Artificial microswimmers work together like bacteria
Microscopic swimmers such as bacteria do not always swim alone. There are advantages to exchanging information and cooperating. Stefania Ketzetzi and colleagues now show in Nature Communications that human-made microswimmers, too, can cooperate.
Cooperative motion lies at the heart of some of the truly complex behavior shown by microorganisms. For example, bacteria cooperate to capture nutrients, cancer cells communicate to accelerate the growth of tumors, and spermatozoa can assemble into trains to move faster toward the egg cell. These collaborations are made possible through the exchange of information between these microorganisms.
Microscopic swimmers made by humans
In the lab, scientists can make similar swimmers. These artificial microswimmers, have become a powerful tool for studying, understanding, and harnessing motion at a microscopic scale. Intriguingly, they as well can work together in the presence of other swimmers or surfaces.
‘In our work, we were interested in how artificial microswimmers behave when they encounter specific surfaces’, says Ketzetzi, who researched this topic for her PhD at Leiden University. Together with her colleague Melissa Rinaldin, she studied the motion of microscopic spheres near confining surfaces.
Just keep spinning
By partly coating the spheres with platinum and putting them in water with hydrogen peroxide, the spheres will start to move because of a chemical reaction taking place on the platinum side. Ketzetzi: ‘We then put these self-moving spheres in a container with microscopic 3D-printed posts. When a swimmer comes across one of the posts, it attaches to it and keeps moving around it for a very long time.’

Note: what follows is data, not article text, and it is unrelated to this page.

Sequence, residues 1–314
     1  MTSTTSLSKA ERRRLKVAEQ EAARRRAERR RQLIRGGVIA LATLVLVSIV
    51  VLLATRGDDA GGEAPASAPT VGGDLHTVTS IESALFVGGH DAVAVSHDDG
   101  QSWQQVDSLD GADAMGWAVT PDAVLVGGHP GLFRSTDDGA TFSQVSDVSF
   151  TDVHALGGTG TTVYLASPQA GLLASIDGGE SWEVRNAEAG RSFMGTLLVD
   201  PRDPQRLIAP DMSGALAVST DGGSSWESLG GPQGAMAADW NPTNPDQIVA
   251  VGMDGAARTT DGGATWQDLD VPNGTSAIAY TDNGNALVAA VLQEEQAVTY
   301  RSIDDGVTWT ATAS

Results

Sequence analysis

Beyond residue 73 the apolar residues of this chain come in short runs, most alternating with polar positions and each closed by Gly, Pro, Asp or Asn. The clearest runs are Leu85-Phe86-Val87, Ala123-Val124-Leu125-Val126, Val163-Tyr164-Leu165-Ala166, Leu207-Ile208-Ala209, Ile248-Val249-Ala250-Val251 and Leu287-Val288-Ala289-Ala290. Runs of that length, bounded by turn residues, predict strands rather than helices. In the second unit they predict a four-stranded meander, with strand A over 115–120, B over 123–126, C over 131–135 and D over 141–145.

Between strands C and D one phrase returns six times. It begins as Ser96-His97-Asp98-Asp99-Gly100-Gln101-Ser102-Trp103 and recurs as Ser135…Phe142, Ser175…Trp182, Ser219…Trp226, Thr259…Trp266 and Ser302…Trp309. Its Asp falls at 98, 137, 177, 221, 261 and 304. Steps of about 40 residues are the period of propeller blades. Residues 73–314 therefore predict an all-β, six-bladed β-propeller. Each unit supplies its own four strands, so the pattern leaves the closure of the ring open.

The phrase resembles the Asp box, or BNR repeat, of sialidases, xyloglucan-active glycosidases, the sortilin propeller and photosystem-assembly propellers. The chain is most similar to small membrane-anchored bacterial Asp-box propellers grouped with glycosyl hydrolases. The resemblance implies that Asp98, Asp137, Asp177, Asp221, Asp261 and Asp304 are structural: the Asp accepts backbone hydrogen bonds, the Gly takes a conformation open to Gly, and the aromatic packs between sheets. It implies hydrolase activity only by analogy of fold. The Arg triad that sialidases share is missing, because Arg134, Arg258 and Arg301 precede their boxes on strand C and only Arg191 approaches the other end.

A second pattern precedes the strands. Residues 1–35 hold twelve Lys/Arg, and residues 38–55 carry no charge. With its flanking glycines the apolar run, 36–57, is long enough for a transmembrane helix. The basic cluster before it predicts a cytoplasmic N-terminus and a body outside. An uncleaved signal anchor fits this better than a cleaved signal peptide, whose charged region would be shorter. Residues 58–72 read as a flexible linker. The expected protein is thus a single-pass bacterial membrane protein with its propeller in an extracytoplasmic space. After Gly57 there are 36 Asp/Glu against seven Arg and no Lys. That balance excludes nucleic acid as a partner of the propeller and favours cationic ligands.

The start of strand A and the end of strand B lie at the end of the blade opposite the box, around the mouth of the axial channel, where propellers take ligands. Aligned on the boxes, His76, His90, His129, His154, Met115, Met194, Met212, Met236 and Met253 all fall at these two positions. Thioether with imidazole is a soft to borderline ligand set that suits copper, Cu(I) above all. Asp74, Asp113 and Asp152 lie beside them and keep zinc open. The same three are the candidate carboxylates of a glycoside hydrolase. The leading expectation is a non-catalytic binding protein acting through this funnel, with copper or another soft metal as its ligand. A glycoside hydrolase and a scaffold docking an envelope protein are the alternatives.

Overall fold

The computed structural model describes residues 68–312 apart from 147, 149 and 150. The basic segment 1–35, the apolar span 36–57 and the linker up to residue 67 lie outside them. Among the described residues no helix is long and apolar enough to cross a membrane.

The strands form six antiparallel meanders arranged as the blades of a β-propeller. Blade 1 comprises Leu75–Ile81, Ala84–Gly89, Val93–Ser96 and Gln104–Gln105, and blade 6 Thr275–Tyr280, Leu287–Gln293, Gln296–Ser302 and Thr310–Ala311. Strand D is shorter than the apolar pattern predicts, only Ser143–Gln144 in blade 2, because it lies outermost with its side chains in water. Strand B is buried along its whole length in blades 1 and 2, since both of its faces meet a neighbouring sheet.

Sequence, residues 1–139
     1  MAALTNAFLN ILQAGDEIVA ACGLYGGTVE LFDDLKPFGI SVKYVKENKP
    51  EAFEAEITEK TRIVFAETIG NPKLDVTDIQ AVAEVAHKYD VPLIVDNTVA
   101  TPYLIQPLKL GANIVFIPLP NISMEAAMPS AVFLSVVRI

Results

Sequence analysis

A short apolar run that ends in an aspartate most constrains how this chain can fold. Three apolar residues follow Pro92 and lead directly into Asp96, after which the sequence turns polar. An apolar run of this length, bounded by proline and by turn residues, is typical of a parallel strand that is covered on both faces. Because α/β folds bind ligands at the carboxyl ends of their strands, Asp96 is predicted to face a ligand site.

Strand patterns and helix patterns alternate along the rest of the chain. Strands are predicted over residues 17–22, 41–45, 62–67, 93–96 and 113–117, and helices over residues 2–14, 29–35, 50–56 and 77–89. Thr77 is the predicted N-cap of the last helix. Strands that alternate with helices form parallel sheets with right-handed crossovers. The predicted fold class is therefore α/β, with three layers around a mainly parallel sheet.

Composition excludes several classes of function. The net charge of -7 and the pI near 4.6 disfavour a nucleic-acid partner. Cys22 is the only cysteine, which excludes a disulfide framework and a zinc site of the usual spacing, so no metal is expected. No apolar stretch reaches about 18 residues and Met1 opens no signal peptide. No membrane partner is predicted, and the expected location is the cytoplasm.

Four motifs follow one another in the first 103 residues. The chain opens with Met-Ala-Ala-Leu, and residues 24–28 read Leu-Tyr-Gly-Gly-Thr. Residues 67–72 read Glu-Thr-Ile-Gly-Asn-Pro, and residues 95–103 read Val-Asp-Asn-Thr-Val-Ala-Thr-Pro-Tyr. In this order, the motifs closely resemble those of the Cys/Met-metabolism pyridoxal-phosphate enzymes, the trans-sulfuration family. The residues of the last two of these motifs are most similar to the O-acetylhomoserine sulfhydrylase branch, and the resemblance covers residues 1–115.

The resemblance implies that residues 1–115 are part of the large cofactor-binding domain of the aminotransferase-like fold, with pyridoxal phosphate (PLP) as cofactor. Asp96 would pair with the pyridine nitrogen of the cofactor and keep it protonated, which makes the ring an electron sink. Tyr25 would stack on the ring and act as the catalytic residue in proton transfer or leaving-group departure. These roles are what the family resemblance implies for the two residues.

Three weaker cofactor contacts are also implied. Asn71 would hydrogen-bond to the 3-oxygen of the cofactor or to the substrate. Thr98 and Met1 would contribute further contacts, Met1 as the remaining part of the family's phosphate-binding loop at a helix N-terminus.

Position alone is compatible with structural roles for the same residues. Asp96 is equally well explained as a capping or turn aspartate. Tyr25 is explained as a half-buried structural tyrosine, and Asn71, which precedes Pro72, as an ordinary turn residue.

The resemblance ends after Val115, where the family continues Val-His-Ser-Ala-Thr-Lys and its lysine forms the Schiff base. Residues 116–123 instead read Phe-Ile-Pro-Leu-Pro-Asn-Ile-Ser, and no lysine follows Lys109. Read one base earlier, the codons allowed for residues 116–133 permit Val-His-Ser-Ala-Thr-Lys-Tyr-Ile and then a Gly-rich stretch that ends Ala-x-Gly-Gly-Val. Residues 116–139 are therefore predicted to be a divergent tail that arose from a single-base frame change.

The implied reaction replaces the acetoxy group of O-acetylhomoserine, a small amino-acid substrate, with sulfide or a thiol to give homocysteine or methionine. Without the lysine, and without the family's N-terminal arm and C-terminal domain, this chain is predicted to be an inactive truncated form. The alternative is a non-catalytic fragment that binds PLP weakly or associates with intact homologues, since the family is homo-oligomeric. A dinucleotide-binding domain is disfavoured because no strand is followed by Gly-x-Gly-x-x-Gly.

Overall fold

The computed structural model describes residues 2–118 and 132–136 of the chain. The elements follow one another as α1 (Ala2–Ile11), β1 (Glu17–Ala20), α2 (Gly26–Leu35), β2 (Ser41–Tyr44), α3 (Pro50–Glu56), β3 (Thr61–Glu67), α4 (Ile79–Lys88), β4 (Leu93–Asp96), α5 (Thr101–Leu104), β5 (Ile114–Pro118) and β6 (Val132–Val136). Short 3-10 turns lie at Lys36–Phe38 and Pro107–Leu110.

This is something that had already been observed by others. But the researchers noticed something interesting when multiple spheres were moving around the same pole: if they moved in the same direction, they worked together to move faster. A collective speed-up just like the collaborations found in nature.
Or, if the swimmers were moving in the opposite direction around the same pole, they stopped each other. A pair of these could remain stationary for a long time, creating a traffic jam for other orbiting swimmers. After a tug of war, the chain would start to move again. But only if there were at least two extra swimmers pushing from one side or the other.
Cooperative motions like these could be relevant in future applications, where artificial swimmers would need to perform tasks while moving within and interacting with a confining environment. Ketzetzi: ‘In biomedical applications, for example, where artificial microswimmers are expected to play a big role, cooperative behaviors could enable faster drug delivery.’